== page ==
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VOLUME 23 , ISSUE 12 ( December, 2019 ) > List of Articles

BRIEF COMMUNICATION

Screening for Methicillin-resistant Staphylococcus aureus Carriage on the Hands of Healthcare Workers: An Assessment for Hand Hygiene Practices

Anuradha Sharma, Jitu M Kalita, Vijaya L Nag

Keywords : Chromogenic agar, Hand culture, Hand hygiene, Methicillin-resistant Staphylococcus aureus carriage

Citation Information : Sharma A, Kalita JM, Nag VL. Screening for Methicillin-resistant Staphylococcus aureus Carriage on the Hands of Healthcare Workers: An Assessment for Hand Hygiene Practices. Indian J Crit Care Med 2019; 23 (12):590-592.

DOI: 10.5005/jp-journals-10071-23296

License: CC BY-NC 4.0

Published Online: 00-12-2019

Copyright Statement:  Copyright © 2019; Jaypee Brothers Medical Publishers (P) Ltd.


Abstract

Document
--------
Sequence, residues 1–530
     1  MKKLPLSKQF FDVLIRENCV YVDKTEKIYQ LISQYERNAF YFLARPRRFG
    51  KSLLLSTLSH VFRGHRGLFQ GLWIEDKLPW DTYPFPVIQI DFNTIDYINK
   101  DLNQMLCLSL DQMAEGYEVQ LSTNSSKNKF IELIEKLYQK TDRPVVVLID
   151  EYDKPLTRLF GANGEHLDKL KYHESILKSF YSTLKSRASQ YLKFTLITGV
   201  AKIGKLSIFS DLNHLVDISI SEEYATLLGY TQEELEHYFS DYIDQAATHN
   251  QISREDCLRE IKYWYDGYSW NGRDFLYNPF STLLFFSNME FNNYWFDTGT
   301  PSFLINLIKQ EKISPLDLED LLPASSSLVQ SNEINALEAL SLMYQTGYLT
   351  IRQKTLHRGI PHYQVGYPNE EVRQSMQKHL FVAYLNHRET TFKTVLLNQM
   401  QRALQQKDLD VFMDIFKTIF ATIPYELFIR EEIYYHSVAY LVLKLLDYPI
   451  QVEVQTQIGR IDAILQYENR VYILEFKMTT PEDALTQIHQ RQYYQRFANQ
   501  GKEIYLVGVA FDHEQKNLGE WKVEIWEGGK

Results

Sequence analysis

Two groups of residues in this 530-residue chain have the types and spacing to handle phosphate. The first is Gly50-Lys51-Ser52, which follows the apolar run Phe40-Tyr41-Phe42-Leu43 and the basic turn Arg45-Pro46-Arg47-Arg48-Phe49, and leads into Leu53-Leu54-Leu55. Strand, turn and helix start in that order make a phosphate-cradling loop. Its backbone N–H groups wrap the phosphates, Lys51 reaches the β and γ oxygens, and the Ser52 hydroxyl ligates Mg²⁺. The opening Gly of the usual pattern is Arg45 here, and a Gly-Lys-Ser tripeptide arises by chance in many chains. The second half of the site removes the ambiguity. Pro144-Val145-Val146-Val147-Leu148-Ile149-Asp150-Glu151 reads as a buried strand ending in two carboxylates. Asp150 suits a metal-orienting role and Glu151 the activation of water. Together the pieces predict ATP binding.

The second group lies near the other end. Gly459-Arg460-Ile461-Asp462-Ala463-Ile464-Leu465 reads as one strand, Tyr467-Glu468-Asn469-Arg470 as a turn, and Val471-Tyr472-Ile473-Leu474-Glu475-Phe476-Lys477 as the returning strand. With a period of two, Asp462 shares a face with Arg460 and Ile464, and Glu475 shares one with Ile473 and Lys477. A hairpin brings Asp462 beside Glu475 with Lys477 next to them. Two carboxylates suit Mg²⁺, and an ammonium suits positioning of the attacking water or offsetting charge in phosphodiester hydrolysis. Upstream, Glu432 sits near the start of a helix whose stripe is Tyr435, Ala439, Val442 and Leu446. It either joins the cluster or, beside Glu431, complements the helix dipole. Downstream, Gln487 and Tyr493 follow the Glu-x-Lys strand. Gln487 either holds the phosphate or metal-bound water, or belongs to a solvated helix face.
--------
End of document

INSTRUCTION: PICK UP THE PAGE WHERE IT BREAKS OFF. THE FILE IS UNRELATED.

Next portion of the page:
Background: Methicillin-resistant Staphylococcus aureus (MRSA) is capable of causing a wide range of infections. Colonized healthcare workers (HCWs) and contaminated hand-touch surfaces act as a potential source of MRSA in hospitals. This study was conducted to detect the carriage of MRSA in the hands of HCWs during patient care to check awareness among HCWs to follow proper hand hygiene protocol. Materials and methods: This study was a cross-sectional point prevalence study done in wards and intensive care units (ICUs) of a tertiary care hospital. Hand cultures were collected from HCWs after the clinical rounds, without prior information about the procedure. It was done on three consecutive days to include maximum HCWs from the hospital. Cultures were taken before and after the use of alcohol-based hand rub. Hand cultures were obtained by asking HCWs to touch the surface of chromogenic screening agar for MRSA with their fingertips and thumbs of both the hands. Results: Of a total of 62 HCWs screened, 32 (51.61%) were positive for MRSA. Among these, seven were doctors. After using alcohol-based hand rub, six HCWs were still positive for MRSA. Another important finding on this screening agar was detection of Candida on the hands of HCWs. Conclusion: Regular monitoring of hand hygiene compliance is vital to prevent the spread of nosocomial infections. The MRSA screening agar is rapid, simple, cost-effective, and useful to identify the carriage of not only MRSA but also Candida (in the wake of nosocomial outbreaks with Candida auris) in the hands of HCWs. Further studies are required to evaluate the transmission rate of MRSA from HCWs to patients in Indian hospitals.


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